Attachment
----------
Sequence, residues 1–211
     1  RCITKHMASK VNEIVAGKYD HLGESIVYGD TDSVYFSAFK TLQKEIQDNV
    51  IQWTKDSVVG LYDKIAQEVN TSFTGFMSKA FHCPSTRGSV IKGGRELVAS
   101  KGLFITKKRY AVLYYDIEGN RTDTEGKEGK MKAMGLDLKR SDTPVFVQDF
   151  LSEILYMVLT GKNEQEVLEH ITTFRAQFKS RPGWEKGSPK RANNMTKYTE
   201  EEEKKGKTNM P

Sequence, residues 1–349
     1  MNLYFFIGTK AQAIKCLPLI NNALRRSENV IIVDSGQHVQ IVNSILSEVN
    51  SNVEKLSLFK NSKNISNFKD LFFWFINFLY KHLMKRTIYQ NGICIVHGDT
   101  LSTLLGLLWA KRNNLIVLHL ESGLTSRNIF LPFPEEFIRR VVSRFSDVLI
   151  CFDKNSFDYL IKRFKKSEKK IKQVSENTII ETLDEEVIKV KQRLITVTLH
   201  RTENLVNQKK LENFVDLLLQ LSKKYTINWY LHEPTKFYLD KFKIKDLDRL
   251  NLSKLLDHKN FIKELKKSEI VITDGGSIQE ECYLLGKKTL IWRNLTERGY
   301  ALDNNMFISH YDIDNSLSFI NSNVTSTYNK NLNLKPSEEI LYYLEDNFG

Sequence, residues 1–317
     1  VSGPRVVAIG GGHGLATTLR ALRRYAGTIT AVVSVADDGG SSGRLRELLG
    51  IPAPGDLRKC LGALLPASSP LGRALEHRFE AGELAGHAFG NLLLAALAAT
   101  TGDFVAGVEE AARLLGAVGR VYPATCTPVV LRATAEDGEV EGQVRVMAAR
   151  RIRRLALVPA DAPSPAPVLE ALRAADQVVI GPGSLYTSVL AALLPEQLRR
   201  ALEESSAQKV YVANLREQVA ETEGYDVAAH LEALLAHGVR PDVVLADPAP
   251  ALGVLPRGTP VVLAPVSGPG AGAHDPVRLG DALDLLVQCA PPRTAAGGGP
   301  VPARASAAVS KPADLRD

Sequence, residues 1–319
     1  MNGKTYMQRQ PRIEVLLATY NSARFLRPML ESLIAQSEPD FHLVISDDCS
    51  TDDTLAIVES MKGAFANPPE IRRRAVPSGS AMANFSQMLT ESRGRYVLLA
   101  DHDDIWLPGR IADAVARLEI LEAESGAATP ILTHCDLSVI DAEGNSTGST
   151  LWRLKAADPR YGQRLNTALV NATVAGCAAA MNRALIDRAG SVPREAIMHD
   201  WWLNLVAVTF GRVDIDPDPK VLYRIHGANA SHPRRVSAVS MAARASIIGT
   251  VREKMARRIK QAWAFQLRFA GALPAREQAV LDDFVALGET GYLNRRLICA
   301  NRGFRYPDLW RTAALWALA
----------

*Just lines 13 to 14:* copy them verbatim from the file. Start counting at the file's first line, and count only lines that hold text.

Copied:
   251  NLSKLLDHKN FIKELKKSEI VITDGGSIQE ECYLLGKKTL IWRNLTERGY
   301  ALDNNMFISH YDIDNSLSFI NSNVTSTYNK NLNLKPSEEI LYYLEDNFG